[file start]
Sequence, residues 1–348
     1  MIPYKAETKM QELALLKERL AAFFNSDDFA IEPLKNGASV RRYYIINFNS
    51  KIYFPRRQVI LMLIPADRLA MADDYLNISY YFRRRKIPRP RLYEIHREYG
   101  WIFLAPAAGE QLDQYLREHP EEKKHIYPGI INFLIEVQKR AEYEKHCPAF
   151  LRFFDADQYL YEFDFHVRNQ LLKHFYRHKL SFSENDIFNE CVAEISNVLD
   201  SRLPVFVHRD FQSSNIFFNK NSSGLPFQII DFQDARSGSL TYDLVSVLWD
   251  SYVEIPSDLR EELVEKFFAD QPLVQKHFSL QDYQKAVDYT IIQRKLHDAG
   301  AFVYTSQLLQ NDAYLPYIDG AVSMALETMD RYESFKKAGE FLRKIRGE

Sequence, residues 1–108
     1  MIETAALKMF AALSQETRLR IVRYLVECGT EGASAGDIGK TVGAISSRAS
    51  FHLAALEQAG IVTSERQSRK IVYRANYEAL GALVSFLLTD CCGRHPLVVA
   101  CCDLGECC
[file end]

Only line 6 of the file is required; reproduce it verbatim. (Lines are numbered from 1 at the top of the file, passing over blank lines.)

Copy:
   201  SRLPVFVHRD FQSSNIFFNK NSSGLPFQII DFQDARSGSL TYDLVSVLWD